people, and yet we do not find that he was prohibited from using
his strenght so as not to appear as if he were performing
witchcraft... So why is quickness of movement any different?"
It is because of this difficulty, says Rav Moshe, that the other
two opinions [listed above] do not agree with the third view.
Rav Moshe's concluding remarks are noteworthy:
previously said all this while studying this subject, but this
has not been construed by me as a halachic ruling, since in any
case if the magician lies and says that he can do supernatural
acts, then we ought to prohibit it, since he can easily lead
people to believe that he is a person of wondrous powers... and
even if he does not lie, saying only that Hashem gave him a
talent that is uncommon, nevertheless it should be shown to
people only in such a manner that they can clearly distinguish
that it is done through swiftness of motion and not in such a
manner where they cannot fathom what he is doing.... Yet it is
possible to permit this for the badchanim that perform achizas
einayim at weddings in a manner which is apparent and clear that
it is due to swiftness of motion... But it seems that the
Chochmas Adam prohibits even this since he follows the thinking
of the Bach... But it is only possible to forbid this to the
badchanim if they say that they are using magic... But if they
state that they are employing natural means, and it is well
known that it is so, then I do not see any grounds for
prohibition. But nevertheless, I have not been asked with
respect to an actual instance and, therefore, I have never
actually permitted it, and I have never heard that this is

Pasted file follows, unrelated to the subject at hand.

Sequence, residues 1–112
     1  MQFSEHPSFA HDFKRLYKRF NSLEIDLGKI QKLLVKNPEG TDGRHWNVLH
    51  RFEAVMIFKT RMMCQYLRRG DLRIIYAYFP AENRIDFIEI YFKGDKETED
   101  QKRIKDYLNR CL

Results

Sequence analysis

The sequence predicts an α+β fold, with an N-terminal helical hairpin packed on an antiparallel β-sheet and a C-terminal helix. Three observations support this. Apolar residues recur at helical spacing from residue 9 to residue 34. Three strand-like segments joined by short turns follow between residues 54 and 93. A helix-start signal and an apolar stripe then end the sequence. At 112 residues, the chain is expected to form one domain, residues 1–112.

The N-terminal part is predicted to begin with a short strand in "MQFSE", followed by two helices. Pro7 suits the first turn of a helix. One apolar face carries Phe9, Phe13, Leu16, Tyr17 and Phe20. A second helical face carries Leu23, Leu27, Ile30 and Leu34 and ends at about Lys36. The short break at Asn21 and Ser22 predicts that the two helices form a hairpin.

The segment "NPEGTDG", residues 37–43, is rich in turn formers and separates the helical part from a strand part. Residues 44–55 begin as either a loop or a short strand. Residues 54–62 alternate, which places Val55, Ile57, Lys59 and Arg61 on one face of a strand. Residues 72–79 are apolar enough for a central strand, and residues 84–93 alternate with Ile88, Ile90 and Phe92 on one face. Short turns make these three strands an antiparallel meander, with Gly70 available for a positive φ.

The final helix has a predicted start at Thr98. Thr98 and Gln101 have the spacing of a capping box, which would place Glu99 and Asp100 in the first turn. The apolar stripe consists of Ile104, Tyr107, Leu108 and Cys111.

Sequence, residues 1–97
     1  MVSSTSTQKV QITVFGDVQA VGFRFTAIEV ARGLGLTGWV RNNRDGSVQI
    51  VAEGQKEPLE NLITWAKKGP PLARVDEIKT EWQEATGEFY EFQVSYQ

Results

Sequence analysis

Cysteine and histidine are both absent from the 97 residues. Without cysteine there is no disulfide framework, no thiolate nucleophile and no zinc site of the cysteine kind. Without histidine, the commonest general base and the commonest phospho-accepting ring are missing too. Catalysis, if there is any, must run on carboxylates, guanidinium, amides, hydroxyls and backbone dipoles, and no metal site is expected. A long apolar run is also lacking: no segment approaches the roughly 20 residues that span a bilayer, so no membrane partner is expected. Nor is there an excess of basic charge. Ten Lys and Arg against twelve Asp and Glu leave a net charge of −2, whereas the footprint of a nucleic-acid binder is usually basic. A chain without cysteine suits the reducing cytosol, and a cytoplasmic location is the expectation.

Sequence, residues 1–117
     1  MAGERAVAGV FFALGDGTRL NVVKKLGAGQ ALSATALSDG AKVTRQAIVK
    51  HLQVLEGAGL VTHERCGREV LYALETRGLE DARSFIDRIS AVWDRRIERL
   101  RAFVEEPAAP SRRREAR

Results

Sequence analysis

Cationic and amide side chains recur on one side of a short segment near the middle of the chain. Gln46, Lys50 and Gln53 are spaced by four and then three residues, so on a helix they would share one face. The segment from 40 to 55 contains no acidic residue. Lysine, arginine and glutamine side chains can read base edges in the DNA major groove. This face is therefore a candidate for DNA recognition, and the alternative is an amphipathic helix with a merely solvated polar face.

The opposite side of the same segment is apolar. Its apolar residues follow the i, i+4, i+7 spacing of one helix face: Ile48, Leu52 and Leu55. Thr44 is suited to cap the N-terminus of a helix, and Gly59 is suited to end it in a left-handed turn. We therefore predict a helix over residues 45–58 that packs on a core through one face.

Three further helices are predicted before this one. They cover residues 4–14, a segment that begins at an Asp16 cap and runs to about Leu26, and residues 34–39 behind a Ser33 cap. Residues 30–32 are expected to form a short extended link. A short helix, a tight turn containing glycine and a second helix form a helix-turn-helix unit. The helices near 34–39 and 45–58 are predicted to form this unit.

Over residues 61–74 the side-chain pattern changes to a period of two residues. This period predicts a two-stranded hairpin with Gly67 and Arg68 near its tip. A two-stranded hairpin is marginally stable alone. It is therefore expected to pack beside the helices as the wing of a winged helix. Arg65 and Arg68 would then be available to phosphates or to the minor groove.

performed at weddings even where there is a badchan present, and
therefore this was never rendered by me as a ruling, although I
have no doubt in respect to this halachah, and if such a
question were to arise, I would attempt to evade the issue in
deference to the Sages (15) who prohibit this; and if I were
unable to evade the question, then I would have ruled that in a
natural manner, and where it is well known that it is performed
through natural means, that it is permitted (16)."
1 Rambam Hilchos Avodas Kochavim 11:8.
2 YD 179:3 and Kitzur Shulchan Aruch 167:3. See Darkei Teshuvah
22-23 for some guidelines and exceptions.
3 Sanhedrin 65b.
4 YD 179:15.
5 Smag, quoted by Bach YD 179.
6 Radvaz (Metzudos Dovid 61).
7 Rama and Maharshal, as understood by Igros Moshe YD 4:13.
8 Rambam (Sefer Hamitzvos, Lo Saaseh 32) as understood by the
Bach and Shach YD 179.
9 Explanation of Igros Moshe YD 4:13.
11 It is permitted, however, to watch a non-Jew perform magic
tricks. Maharam Shick (quoted in Darkei Teshuvah 179:37) also
agrees that when a non-Jewish magician performs tricks through
quickness of movement one is permitted to watch.
12 Pischei Teshuvah YD 179:7; Kitzur Shulachan Aruch 176:4;
Darkei Teshuvah YD 179:37 quoting Mishnas Chachomim. See also
Yad Haktanah 2:273 and Zivchei Tzedek Yd 179 who concur that
magic shows based on quickness of movement are prohibited.
13 Yabia Omer YD 5:14 and Yechave Daas 3:68.
14 Igros Moshe YD 4:13.
15 Bach, Shach, and Chochmas Adam mentioned above.
16 See also Sefer Yavin Daas YD 119 (quoted in Yabia Omer YD
5:13) who holds that when the magician announces clearly to the
audience that he is just fooling them, it is permitted.
Jonathan and Edina Heifetz
- on the occasion of the Bar Mitzvah of their son
Shlomo Pesach, n"y.
May they shep much Nachas from him and their other children.
Mazel Tov to the grandparents, Mr. and Mrs. Morton Heifetz of
Eretz Yisroel and Mr. and Mrs. Eugene Davidowitz of Cleveland,Ohio.
Weekly-Halacha, Copyright © 1997 by Rabbi Neustadt, Dr. Jeffrey Gross and
Project Genesis, Inc. Rabbi Neustadt is the principal of Yavne
Teachers' College in Cleveland, Ohio. He is also the Magid Shiur of a daily
Mishna Berurah class at Congregation Shomre Shabbos.